Now I start on the toe. Use the lasting pliers and temp nails to pull everything tight. Start with a nail at the toe, and one on each side. Then a nail in between each of the gaps, then another between gaps, etc
This is why you need a lot of nails. This ridge was created between two spots where the upper was pulled.
I grip the leather on the ridge and use the hammer part on the lasting pliers to create a fulcrum. Don't pull too tight though since the leather can tear.
On the smaller ridges I use the hammer again to smooth it out.
I keep working until everything is tight.
After this picture was taken, I had a change of mind and decided I wanted a cap toe. So I undid the work in the last few pics, stitched on a cap toe and re-lasted.
After letting it sit for a few days to keep it's shape, I pull a few nails and start sewing around the from 180 degrees. I use an awl to poke the upper and then through the holes I created earlier. The hole goes in straight from the side.
Here is a saddle stitch in progress. One needle goes in the hole, then the other needle goes in from the other side. Pull them through, then pull tight to make sure each stitch is tight. Most of the times, the needle goes through the other thread which helps lock everything together. This combines with the wax on the thread which gets melted by pulling it through the hole which then re-solidifies.
There's many types of stitched shoe construction. I'm doing a Norvegese which is characterized by the stitch out the side of the upper.
An element of Norvegese construction is a stitchdown. In order to stitch through the sole, I fold out of the excess leather of the upper where the norvegese stitch is. This is after I trimmed away the lining leather.
A close up of the norvegese stitch from the insole.
Use the hammer to smooth out the ridges.

I started this pair without any machines but I found this on ebay for a crazy low price so I had to buy it. It's a Landis 5 in 1. It's powered by the hand crank on the right and it cuts, skives, bevels and compresses leather. It's very useful helps do things quicker but it's not completely necessary in order to make your own pair of shoes.
Here I use the 5 in 1 to cut two small pieces of thick leather, same as I used for the insole. You can see where it's tapered, this is known as skiving. On the right of the pic slightly out of focus and between the two wheels is the skiving blade of the 5 in 1. The wheels feed the leather through the angled blade.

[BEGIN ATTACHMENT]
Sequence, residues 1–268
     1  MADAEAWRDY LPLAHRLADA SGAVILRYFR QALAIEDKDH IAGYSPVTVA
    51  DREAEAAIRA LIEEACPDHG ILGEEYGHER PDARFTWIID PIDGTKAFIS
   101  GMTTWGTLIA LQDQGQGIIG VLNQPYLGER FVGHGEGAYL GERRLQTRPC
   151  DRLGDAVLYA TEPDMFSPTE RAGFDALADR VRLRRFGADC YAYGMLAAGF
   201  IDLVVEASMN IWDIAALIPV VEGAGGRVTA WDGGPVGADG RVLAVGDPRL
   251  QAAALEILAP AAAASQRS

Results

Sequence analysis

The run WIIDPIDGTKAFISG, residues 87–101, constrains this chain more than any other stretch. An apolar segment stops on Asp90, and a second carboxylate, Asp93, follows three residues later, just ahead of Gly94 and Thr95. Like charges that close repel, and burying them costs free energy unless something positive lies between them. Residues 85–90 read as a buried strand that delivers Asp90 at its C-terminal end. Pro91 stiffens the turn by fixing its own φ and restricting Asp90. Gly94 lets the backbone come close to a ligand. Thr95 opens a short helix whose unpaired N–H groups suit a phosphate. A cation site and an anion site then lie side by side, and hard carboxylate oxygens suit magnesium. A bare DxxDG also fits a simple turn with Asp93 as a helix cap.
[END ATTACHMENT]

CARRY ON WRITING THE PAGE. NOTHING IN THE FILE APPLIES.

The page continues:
The two pieces in the previous picture are the shank. They provide arch support and structure to the boot.
Then I cut out the shank cover from the same leather as the sole.

The small piece of broken glass near the top of the pic is used to remove the top layer of grain from the leather. This prevents squeaks which happen when two pieces of top grain leather slide across each other.
Skived along the edges.
First I glued the shank into place, here I'm about to bond the shank cover.
Now to the front of the boot, I use scrap leather to fill in the channel of the insole.
Then I place a layer of cork. This provides cushioning and will eventually mold to my foot.
The boots sitting on the soles I cut out earlier.
I made this simple jig to support the boot upside down. I then glued on sole and hammered it on. This molded it to the shape of the bottom of the boot.
I stitched around the toe, through the upper I had folded out earlier and through the sole. Then around the heel I use solid brass which go through the sole, through the shank cover and through the insole. The bottom of the last here has a metal plate which will fold the point of the nails over, cinching everything together.

The hammer I'm using here has indents in it's face which helps when hitting in these tiny nails.

I use brass nails since these are inside the shoe and won't be corroded by sweat or any water that might get in.
Now I place the rubber sole over the midsole, glue and hammer it on.
I use the welt roller on the 5 in 1 to compress the edges of the sole, bonding them together. The crank turns the wheel below the sole, feeding it along while the flat wheel above has tension pulling it down.
I stitched around the toe for the final time, from the beginning of one side of the heel to the other, so a little longer than the previous two stitches. This part was not fun at all, very tedious and I got a few blisters.
Used the welt roller one last time to make sure the stitchdown is flat.
A VERY sharp knife is needed to trim the excess sole away.
Skived a thick piece of leather in a U shape and glued it on the heel. This is to ensure the pieces of leather I used to build up the heel have a flat surface to bond to. I added two more layers of leather, then a rubber heel.
I nailed on the heel. The rubber will likely need replacing before the nails corrode so it's ok to use steel here. For the finishing touches I sanded down the edges of the sole, sewed on the tongue (which still needs to be trimmed) and added laces.
Finished picture
Rear view. 

0 comments:

Post a Comment